sat down with Bempechat and Erin Bruce (Wheelock’17,’18), a new fourth-grade teacher at a suburban Boston school, and future teacher freshman Emma Ardizzone (Wheelock) to talk about what quality homework looks like, how it can help children learn, and how schools can equip teachers to design it, evaluate it, and facilitate parents’ role in it.
Parents and educators who are against homework in elementary school say there is no research definitively linking it to academic performance for kids in the early grades. Bempechat: I think teachers assign homework in elementary school as a way to help kids develop skills they’ll need when they’re older—to begin to instill a sense of responsibility and to learn planning and organizational skills.
Critics have objected that even if homework doesn’t increase grades or test scores, it has other benefits, like fostering good study habits and providing parents with a window into what kids are doing in school.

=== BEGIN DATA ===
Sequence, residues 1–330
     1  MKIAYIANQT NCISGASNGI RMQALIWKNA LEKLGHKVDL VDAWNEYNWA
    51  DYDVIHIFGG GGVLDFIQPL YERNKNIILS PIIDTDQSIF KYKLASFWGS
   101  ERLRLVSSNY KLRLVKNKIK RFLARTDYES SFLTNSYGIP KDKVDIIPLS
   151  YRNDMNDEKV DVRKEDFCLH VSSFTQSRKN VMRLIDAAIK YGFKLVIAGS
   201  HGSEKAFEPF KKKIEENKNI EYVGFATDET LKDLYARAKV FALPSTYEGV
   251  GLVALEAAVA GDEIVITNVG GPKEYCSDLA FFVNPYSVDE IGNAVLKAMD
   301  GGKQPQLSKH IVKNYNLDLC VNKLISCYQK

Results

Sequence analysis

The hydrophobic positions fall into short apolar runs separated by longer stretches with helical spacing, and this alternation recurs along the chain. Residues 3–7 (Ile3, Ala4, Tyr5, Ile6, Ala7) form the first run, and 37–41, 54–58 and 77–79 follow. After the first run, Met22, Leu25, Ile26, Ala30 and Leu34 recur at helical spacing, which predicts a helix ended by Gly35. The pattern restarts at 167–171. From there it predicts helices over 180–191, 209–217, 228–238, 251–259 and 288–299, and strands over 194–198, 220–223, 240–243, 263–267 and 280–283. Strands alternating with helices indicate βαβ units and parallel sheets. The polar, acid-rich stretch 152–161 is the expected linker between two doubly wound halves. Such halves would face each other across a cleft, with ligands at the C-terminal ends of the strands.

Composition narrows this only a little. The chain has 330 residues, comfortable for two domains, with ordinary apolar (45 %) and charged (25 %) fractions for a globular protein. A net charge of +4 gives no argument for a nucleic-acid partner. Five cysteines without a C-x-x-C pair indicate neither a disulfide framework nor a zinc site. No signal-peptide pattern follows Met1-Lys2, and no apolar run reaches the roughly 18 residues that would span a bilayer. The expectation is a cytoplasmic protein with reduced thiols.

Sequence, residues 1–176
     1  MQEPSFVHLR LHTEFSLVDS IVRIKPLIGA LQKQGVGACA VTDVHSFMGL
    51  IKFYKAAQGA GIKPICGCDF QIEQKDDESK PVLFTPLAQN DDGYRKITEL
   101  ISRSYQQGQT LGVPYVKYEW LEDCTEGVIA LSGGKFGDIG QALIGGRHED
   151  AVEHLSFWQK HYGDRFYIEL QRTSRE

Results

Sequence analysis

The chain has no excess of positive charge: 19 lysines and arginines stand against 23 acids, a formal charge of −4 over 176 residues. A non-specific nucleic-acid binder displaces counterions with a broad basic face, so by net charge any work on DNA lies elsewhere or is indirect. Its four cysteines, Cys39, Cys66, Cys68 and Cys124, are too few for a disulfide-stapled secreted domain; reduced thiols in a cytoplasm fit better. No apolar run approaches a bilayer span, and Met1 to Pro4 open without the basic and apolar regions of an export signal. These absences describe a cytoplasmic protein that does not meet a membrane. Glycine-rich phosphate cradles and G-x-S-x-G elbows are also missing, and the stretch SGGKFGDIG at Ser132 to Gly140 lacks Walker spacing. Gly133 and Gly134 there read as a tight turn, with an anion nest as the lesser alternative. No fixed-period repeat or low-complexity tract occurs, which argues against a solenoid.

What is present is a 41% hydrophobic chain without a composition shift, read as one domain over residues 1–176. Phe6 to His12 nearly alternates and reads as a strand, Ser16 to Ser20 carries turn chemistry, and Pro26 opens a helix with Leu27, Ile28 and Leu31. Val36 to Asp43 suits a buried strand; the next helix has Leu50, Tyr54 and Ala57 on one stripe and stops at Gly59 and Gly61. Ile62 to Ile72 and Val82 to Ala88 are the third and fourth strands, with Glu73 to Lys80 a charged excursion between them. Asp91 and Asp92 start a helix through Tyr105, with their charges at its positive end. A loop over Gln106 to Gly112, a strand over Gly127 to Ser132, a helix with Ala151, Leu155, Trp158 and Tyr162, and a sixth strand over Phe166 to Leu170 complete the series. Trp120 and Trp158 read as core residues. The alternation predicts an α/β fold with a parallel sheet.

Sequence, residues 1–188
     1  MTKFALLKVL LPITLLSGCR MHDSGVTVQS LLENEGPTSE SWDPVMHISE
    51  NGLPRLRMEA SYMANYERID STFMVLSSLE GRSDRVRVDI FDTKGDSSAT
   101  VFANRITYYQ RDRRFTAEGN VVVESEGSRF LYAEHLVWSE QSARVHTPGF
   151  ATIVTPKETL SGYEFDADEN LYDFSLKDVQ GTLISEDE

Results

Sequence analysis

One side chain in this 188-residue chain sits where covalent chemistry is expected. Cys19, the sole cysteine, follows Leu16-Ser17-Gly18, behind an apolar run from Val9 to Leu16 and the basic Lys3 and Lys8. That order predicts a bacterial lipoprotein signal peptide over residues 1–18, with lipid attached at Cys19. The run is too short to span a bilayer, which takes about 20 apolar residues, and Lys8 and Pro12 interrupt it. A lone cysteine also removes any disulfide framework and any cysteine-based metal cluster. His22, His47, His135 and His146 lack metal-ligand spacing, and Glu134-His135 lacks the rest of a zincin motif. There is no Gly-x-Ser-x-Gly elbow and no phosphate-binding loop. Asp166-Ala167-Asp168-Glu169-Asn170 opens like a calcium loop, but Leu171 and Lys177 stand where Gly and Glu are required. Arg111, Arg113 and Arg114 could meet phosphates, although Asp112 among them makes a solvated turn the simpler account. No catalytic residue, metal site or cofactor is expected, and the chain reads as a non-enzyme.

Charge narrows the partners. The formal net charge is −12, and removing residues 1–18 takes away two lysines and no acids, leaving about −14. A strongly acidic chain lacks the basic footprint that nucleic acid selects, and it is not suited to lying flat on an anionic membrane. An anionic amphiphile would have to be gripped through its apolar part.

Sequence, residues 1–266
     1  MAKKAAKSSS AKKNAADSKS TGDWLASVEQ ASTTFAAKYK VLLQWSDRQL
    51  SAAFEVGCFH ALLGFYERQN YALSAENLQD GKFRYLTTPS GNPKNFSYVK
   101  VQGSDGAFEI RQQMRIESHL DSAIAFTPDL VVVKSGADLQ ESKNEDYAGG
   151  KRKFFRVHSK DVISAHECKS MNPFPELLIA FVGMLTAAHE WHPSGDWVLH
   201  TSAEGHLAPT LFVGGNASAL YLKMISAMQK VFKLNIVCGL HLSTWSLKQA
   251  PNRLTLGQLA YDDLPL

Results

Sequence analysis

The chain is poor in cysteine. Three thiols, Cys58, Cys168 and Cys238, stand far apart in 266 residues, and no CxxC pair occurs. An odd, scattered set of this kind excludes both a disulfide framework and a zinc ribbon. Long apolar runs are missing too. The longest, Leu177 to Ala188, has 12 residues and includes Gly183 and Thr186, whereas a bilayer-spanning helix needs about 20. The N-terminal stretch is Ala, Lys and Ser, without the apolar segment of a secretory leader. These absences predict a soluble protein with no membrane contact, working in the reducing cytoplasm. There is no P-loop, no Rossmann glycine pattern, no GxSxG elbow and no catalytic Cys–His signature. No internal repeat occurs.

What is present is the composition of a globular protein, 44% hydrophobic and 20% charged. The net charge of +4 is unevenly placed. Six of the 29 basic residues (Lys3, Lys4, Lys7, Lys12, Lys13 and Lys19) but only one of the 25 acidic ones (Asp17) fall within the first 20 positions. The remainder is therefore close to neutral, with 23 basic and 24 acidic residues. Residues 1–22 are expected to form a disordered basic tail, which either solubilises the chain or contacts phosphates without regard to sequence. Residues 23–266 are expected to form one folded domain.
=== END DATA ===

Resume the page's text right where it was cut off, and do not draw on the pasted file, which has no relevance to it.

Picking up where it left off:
Those arguments have merit, but why homework boost academic achievement?
A study that looked specifically at math homework, for example, found it boosted achievement in elementary school than in middle school—just the opposite of the findings on homework in general.
And while one study found that parental help with homework generally doesn’t boost students’ achievement—and can even have a negative effect— another concluded that economically disadvantaged students whose parents help with homework improve their performance significantly.
But maybe teachers just need to assign a different kind of homework.
In 2016, a second-grade teacher in Texas delighted her students—and at least some of their parents—by announcing she would no longer assign homework.
Research has found that retrieval practice and similar learning strategies are far more powerful than simply rereading or reviewing material.
One possible explanation for the general lack of a boost from homework is that few teachers know about this research.